We made our weekly trek to The Food Project in Lincoln, MA Tuesday to pick up the produce. Licoln, MA is about a 30 minute drive from where we live in Leominster. That may seem to be quite a trip for produce, but considering the items on an average American dinner plate travel over 1,500 miles to get onto that plate. The 60 miles round trip for my produce hardly seems like more than a walk to the market. Tina and I could have joined a CSA closer to home, but it wouldn’t have been guaranteed organic and we thought that was important. Since we have business and appointments out Boston way once a week or so anyway, we just try to schedule them on a Tuesday or Thursday so we don’t do extra driving.
Less than 100 years ago just about every single human being on the planet and every human being in history ate what they grew or what was grown and raised around them or even by them. Now, just three generations living on what you grow or raise yourself or what you procure only locally has a special name. Locavorism. This isn’t something new, however, it’s something old. (see/listen to interview with Barbara Kingsolver on Speaking of Faith with Krista Tippet)
Gas is going past $4 a gallon and instead of talking about transitioning to renewable energy, the President is talking about opening up more sources of oil – off the coast under water and in the Alaskan wilderness. My solution is to not eat bananas. How much fossil fuel is used moving bananas to Massachusetts (or even Texas?) in the trucks and boats it takes to get them here and to power the refrigeration systems to keep them from spoiling?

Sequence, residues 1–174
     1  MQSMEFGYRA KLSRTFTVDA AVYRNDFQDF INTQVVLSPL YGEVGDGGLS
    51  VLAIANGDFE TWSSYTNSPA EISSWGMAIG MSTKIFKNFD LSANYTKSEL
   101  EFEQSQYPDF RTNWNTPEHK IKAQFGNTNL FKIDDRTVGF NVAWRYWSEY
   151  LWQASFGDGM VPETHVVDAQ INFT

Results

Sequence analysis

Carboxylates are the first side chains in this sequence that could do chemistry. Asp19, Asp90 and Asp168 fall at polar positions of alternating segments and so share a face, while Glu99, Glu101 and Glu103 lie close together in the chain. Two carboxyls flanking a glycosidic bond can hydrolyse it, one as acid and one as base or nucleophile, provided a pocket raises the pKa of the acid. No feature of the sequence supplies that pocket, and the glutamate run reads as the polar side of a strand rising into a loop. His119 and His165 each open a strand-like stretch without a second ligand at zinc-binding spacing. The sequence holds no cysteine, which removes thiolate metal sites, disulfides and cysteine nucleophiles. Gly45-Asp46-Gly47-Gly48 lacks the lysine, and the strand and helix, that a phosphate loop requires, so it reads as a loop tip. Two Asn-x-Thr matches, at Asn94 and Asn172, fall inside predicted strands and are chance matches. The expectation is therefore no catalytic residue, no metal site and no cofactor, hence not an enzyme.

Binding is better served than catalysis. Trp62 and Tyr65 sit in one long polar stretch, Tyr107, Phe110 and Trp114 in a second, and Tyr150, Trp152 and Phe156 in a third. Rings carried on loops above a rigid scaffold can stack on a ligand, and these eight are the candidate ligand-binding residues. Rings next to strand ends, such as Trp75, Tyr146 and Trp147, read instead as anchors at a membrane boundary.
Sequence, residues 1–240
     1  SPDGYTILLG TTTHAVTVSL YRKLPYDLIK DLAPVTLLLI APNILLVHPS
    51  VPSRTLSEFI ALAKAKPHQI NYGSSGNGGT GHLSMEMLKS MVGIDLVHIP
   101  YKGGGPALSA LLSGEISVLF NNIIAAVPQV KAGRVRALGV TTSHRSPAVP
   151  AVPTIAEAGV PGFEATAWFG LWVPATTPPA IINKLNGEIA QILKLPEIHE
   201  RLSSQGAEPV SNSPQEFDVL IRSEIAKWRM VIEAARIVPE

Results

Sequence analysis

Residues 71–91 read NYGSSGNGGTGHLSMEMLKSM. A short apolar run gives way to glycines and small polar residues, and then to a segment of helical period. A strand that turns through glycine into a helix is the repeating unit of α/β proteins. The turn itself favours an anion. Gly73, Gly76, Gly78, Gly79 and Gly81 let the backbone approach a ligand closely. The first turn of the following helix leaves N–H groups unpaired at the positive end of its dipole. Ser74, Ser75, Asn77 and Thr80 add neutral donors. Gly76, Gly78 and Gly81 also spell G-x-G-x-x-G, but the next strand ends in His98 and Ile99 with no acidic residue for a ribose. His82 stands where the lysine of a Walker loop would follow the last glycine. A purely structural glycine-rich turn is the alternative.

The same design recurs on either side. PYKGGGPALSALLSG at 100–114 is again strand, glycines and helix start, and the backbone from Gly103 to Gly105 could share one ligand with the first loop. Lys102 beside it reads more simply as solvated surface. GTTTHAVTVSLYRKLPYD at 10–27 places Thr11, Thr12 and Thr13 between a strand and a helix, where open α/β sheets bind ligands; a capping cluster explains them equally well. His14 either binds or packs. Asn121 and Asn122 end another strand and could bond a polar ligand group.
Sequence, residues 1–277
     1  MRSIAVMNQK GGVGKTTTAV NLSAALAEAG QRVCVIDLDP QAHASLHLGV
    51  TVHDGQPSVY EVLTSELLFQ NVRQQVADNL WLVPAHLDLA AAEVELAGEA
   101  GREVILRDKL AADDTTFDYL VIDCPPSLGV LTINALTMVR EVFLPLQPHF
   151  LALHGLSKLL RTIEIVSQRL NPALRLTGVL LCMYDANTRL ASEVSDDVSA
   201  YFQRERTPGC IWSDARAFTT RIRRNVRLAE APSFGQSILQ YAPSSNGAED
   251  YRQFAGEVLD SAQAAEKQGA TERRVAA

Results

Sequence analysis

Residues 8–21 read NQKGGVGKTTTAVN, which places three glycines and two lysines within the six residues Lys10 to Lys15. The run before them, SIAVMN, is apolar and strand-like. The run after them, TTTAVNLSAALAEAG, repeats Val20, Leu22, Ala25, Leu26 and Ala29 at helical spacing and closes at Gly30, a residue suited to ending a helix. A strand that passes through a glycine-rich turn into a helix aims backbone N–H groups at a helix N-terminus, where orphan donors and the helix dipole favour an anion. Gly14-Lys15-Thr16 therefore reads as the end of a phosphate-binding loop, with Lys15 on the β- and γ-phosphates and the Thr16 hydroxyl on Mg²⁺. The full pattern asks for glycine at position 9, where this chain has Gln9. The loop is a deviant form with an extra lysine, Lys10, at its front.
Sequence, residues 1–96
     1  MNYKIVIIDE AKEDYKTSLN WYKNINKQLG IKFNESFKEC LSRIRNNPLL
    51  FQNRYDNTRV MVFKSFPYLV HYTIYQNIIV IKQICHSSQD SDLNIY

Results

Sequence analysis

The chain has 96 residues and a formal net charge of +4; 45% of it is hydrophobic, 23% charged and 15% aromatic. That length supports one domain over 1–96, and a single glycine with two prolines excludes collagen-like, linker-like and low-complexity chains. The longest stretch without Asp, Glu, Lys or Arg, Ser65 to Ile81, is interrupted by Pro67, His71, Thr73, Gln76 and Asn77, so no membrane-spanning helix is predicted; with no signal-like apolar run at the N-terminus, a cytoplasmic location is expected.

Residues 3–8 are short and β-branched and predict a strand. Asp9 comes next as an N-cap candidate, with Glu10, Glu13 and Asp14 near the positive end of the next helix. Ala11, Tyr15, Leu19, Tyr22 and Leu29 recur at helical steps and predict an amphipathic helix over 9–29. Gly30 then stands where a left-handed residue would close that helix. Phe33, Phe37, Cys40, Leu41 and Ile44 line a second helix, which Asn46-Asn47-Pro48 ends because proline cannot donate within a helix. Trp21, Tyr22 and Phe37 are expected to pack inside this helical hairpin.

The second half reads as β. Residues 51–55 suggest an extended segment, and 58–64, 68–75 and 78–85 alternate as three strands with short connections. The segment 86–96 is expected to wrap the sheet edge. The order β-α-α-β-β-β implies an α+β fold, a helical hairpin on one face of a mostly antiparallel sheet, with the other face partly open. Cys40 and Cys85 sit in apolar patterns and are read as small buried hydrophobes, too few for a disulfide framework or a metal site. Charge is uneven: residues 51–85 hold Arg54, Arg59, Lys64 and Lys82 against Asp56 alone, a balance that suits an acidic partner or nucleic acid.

Is there an ethics to eating? Yes, I think there is. Is there a way to eat religiously? Yes there is. If you know anyone who keeps Kosher, you may have some experience with it. And anyone who eats religiously knows it’s not easy. The world doesn’t accommodate your diet. Yet, if you eat religiously because you are keeping Kosher, it much more generally accepted, I think, (I can be corrected) to decline pork, or invitations out for religious reasons. It’s harder to explain when you are endeavoring to eat locally, “Are those berries from around here?” “Is that a Texan orange?” You just sound weird.
Part of it is that we have so turned food into a commodity, that we have lost touch with the raising, harvesting, preparing and sharing of food as nourishment and, dare I say it, as sacrament. Even our vegetables are junk food to a certain extent. There are no such things are “baby” carrots – they are bigger carrots, peeled and shaved down to look nice and for easy consumption.
I’m having a hard time with mangoes. I really like mangoes. And apples are native to central New England, I don’t know how many native apples you get in Texas. I’m neither perfect nor dogmatic with this, but I think it imperative in the midst of a global climate crisis and global food and water crisis to develop an ethics of food and eating. One of the questions that came out of a ministers’ study group I attended this past spring, was “what would a UU kashrut look like?” I’ve been thinking about it ever since. What would it take to be a “kosher” UU? What, if we really think about it, do our Unitarian Universalist principles and purposes call us to as far as, well, dinner is concerned? Would I have to give up bananas? I think so. And I’m trying. But I’m going to miss mangoes.
GETTING PRODUCE AT THE FOOD PROJECT: